It cost Gwendoline Christie, Alfie Allen and Carice van Houten $225 each to submit themselves for consideration to the Emmys, which, given that all three were announced as nominees last week, sounds, retrospectively, like a bit of a bargain. The Game of Thrones actors were not put forward by makers HBO, which is fair enough, I suppose, since the show had roughly 7,000 actors in every episode and not playing favourites would have been a budget-busting exercise in diplomacy. After all, they spent all their money on dragons.

Apparently, it is common practice for people to submit themselves, if their network does not, but it is less common for them to actually win the nod having done so. The internet seemed impressed by the go-get-’em attitude of the trio and, to show its approval, allowed the meme of Brienne of Tarth writing in the Book of Brothers to graduate from a Sex and the City/Mean Girls spoof to a symbol of knowing one’s own value and pushing for what you want.

There is an aptness to the underdog feel of it all, particularly for Christie and Allen, whose Game of Thrones characters had to triumph over not being a man and having their penis chopped off, respectively. But it is also a sign of the general underdoggyness of the entire process this year, which has been a little less predictable and mainstream than usual.

Of course, part of the fun is arguing over who should and should not have been included. Julia Roberts was not recognised for Homecoming, nor Emma Stone for Maniac, and nor was Christine Baranski for The Good Fight, which is particularly egregious because I think she should be given it automatically, every year. The Big Bang Theory, usually an Emmys darling, was denied a victory lap and The Kominsky Method, previously beloved, suddenly lost its shine.

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Meanwhile, smaller shows stepped up to the plate. The charming Schitt’s Creek surprised everyone by bagging a handful of nominations, hitman-comedy Barry picked up 17, while Fleabag (you may have heard of it) scattered its stars all over the acting categories.

Given the sheer amount of television that is being produced now, for an extraordinary number of providers, it should not be a surprise that these categories seem more fragmented than usual. That’s not to say that the big guns have been ousted – GoT, Chernobyl and Veep all performed with predictable dominance – but the potential for upset is thrilling. Oh, and Better Things was robbed.

Steph McGovern: tricky things, four letter words

Steph McGovern



Steph McGovern: pronunciation problems. Photograph: Richard Kendall/BBC/Hat Trick Productions/Richard Kendall

BBC Breakfast presenter Steph McGovern revealed last week that a viewer had sent her an email in which he requested she start to say the word “here” properly. In the “saying it properly” stakes, “here” is no “defibrillator”. It is no “prorogue”, a word that sounds as if it’s tripping over its own shoelaces. “Here” finding itself at the centre of a pronunciation controversy, with its four simple letters, two of which are a lowly “e”, could be the most exciting thing that has ever happened to it.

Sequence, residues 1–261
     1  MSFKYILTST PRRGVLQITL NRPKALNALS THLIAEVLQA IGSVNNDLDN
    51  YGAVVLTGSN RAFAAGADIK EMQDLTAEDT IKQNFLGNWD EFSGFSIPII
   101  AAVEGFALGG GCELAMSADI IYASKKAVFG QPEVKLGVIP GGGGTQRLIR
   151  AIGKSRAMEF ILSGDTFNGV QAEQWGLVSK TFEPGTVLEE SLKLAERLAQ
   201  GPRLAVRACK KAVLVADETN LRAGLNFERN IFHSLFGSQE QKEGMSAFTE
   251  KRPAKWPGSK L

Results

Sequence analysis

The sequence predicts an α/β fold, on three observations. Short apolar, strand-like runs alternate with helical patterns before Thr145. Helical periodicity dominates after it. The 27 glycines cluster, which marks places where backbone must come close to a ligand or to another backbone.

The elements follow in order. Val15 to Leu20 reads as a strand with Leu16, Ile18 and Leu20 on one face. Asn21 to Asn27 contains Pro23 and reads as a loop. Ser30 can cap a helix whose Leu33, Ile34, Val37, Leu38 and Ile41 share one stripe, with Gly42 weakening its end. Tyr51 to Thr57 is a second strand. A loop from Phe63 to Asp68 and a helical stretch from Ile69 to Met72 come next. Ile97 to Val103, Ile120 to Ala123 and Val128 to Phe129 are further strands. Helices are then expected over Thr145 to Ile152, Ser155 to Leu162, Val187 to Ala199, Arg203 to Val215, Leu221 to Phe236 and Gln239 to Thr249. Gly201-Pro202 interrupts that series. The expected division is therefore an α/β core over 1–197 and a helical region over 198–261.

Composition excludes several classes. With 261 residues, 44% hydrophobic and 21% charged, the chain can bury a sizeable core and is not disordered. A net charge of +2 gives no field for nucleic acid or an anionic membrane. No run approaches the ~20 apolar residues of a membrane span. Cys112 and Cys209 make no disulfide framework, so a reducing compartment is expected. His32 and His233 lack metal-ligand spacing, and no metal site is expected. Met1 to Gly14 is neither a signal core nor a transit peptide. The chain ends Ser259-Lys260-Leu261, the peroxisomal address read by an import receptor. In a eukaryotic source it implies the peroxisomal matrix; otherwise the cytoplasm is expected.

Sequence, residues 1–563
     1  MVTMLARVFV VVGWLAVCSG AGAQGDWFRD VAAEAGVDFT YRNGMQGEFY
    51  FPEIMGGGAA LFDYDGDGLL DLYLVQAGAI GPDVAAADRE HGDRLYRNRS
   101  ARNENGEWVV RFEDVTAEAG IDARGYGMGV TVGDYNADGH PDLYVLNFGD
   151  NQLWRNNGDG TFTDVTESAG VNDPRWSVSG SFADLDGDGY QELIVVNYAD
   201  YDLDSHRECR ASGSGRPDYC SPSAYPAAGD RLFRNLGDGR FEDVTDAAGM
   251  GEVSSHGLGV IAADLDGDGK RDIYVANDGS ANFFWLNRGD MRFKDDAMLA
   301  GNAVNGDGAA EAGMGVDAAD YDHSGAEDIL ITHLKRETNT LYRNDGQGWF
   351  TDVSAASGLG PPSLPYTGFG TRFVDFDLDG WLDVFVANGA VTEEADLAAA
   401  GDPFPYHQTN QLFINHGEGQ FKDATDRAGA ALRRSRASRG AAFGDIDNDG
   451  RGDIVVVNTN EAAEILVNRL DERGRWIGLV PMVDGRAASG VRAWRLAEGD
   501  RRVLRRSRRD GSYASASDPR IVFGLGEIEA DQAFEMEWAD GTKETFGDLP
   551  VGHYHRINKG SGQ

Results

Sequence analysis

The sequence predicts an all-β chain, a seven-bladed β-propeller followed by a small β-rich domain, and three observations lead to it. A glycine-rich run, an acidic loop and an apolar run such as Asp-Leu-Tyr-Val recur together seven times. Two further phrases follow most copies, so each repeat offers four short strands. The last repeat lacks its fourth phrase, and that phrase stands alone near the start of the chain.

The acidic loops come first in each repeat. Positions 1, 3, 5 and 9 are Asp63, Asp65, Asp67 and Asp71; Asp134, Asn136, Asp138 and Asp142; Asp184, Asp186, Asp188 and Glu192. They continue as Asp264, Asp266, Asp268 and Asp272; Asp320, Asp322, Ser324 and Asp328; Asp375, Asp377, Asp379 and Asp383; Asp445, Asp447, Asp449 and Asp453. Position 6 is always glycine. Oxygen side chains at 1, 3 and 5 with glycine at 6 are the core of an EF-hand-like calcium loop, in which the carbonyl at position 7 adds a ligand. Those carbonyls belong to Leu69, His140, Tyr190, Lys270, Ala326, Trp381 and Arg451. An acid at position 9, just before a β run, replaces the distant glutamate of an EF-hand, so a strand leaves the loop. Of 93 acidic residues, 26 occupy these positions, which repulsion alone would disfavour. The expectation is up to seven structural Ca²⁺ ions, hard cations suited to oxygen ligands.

McGovern is from Middlesbrough and says “here” with two syllables. She has spoken before about the importance of class diversity and encouraging more working-class people into broadcasting. Viewer Trevor, of the email fame, decided to get in touch to inform her that “your accent doesn’t bother me, apart from that one word you mangle”.

I have tried, but I cannot say “here” with one syllable without sounding like someone has just performed a stealth Heimlich manoeuvre on me, or I’m testing out a very bad impression of David Cameron. Still, we might as well put Trevor to good use. He should be dispatched to the States, to lay down the law about the word “squirrel”.

Jennifer Lopez as Robin Hood in high heels? Bring it on

Jennifer Lopez



Jennifer Lopez: turning the tables on bankers. Photograph: Charles Sykes/Invision/AP

It takes a lot for a new movie to stand out in a week that gave us both FaceApp’s ability to imagine ourselves as more tired, weary and haggard – for the tech-averse, watching the News at Ten at seems to have the same effect – and the trailer for Cats, which is like FaceApp, but with famous people selecting “feline” instead of “without surgical intervention”. If James Corden and Judi Dench aren’t cosplaying Celebrity Big Brother 2006, the George Galloway/Rula Lenska edition, then I will march on the multiplex and will not be responsible for my actions.

But then the trailer for Hustlers came along. Out in September, Hustlers has the cast of my dreams: Constance Wu, Lizzo, Cardi B and Julia Stiles, who will forever hold a place in the heart of this particular 10 Things I Hate About You fan. Jennifer Lopez leads as a pole-dancer with a sideline in Occupy Wall Street-style rousing speeches, who decides to turn the tables and fleece the bankers who have fleeced the people. A bit like Robin Hood, with higher heels and more impressive core strength. It’s inspired by a true story and looks like everything Ocean’s 8 should have been.

This era of female-led crime capers has been a wonderful treat. The gross-out explosion – Bridesmaids into Bad Moms, Girls Trip and Rough Night – has evolved into a wave of crime movies that have invigorated the genre. Widows, outrageously overlooked for awards last year, set up a summer of bad deeds for Hustlers and The Kitchen, which sees gross-com veterans Melissa McCarthy and Tiffany Haddish muscling in on the streets of 1970s New York. If they perform well, perhaps we might get an Ocean’s 9. I’d love to see what it could do with an actual plot.

Rebecca Nicholson is an Observer columnist



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